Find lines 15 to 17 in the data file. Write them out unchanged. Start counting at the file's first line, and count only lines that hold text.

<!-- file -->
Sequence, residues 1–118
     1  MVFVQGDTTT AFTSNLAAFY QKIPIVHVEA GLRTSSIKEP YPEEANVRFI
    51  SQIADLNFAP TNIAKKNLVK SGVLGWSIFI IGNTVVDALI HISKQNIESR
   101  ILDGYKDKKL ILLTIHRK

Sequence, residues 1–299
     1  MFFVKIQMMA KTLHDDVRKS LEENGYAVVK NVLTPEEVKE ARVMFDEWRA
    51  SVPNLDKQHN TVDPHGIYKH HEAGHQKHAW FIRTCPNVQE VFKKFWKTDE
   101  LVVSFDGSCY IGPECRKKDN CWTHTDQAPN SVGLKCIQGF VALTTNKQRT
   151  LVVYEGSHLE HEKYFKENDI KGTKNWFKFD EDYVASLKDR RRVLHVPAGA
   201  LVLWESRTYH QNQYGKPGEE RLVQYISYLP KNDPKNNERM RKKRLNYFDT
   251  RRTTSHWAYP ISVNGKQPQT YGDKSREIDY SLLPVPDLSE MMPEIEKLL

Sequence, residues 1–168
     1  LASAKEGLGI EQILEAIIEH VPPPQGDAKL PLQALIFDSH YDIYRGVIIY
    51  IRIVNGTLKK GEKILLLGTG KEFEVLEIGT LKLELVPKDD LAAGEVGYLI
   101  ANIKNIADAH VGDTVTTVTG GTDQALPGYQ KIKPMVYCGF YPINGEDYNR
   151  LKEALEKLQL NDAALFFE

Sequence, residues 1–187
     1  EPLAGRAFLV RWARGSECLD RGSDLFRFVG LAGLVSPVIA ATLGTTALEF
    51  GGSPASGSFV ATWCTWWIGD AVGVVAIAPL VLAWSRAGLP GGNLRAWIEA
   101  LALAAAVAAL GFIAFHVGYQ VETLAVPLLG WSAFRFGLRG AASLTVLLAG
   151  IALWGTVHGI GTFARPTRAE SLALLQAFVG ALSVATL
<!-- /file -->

   101  ANIKNIADAH VGDTVTTVTG GTDQALPGYQ KIKPMVYCGF YPINGEDYNR
   151  LKEALEKLQL NDAALFFE

Sequence, residues 1–187